If soccer moms determined the outcome of the 1996 presidential race and security moms tipped the balance in 2004, it is beginning to look as if older moms are the key to the 2008 contest. Obama has a problem among women over 40 and a big problem among women over 50. These groups, normally the staunchest of Democratic supporters, are showing a propensity to back John McCain and a disinclination to support Obama.
According to the latest Fox News survey, Obama is winning among women under 40 by 13 points, but McCain is winning among women ages 41-45 by four points. Among women 50 and over, McCain is three points ahead. Obama's 48-35 lead among women under 40 is normal for a Democrat, but to trail among women in their 40s by 45-41 and by women over 50 by 38-35 is extraordinary.
The problem is that older women don't like Obama as much as younger women do. While 70 percent of women under 40 have a favorable opinion of the Democratic candidate, only 58 percent of women in their 40s feel the same way, and only 52 percent of those over 50 see him favorably.
For a Democrat to be losing among women over 40 is without precedent in the past 20 years.
In fact, the gap between male and female voting preference in this election is far lower than it normally is. Among people under 40, men back Obama by eight points and women support him by 13. Among those in their 40s, men back McCain by 11 points and women support him by four. And for those over 50, men vote for the Republican by a nine-point margin while women prefer him by three points.
Usually, the gender gap runs at least 10 points in each age group and, more usually, averages a 15-point differential. The lower gap in this race does not indicate any special popularity for McCain or negatives on Obama among men. Men are voting the way they usually do. It's women who are making the big difference and keeping this race tied.
Part of the problem may stem from Obama's defeat of Hillary Clinton during the primaries. Hillary drew her strongest support from older women who still remember the sexism of their youth and their struggles to pierce the glass ceiling. For younger women, sexism has much less personal relevance, and they were less drawn to her candidacy.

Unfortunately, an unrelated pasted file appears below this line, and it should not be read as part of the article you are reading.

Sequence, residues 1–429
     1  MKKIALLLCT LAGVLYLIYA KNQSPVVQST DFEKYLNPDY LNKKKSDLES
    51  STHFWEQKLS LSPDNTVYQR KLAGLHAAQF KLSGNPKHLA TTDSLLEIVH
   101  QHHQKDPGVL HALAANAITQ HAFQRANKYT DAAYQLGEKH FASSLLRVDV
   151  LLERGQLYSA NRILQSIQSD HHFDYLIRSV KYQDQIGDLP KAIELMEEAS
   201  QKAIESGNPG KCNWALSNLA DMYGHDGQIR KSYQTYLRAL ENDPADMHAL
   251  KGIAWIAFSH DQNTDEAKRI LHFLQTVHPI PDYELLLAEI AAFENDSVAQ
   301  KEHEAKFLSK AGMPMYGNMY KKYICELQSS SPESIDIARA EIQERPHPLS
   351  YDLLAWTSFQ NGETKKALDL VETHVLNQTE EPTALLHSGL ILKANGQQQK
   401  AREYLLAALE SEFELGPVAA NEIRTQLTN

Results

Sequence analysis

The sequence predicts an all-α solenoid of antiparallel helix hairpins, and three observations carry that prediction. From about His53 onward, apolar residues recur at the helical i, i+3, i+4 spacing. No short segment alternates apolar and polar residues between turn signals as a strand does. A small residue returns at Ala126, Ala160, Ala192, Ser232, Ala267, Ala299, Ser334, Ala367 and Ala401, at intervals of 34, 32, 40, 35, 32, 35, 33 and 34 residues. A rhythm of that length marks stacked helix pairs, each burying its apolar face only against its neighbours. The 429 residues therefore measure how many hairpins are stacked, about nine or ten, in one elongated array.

But a bigger problem may be a cultural alienation older white women feel toward Obama. The Rev. Jeremiah Wright may linger as a worry in their increasingly gray heads as they contemplate an Obama presidency. This fear of the unknown and the gap they seem to feel with Obama is so strong that it is overcoming their normal proclivity to back Democrats.
Of course, McCain is a uniquely attractive candidate to the Democratic and independent base. Long regarded as a maverick Republican, he attracts these swing voters and is ideally positioned to exploit the estrangement between older women and Barack Obama.
Would choosing Hillary as a running mate assuage the concerns of older white women? It might.
They could get enthusiastic, one would think, about seeing a woman sitting a few feet away from the president in the Oval Office (again!).
But Hillary would bring with her a different set of problems. Her candidacy would invite scrutiny of Bill's financial dealings, most recently exposed in The Wall Street Journal's coverage of the incredible corruption of his buddy, the president of Kazakhstan.
The problem is Obama. And it can only be solved by Obama, not by his running mate. For his part, McCain should take dead aim at this demographic, perhaps by selecting a female running mate who would appeal to them.
The current favorite, Mitt Romney, does him no earthly good with these folks, and his Mormonism is likely to be a big turnoff. But McCain could choose Condi Rice or any number of other Republican women (like Kay Bailey Hutchison, the Texas senator) and attract these dissident women.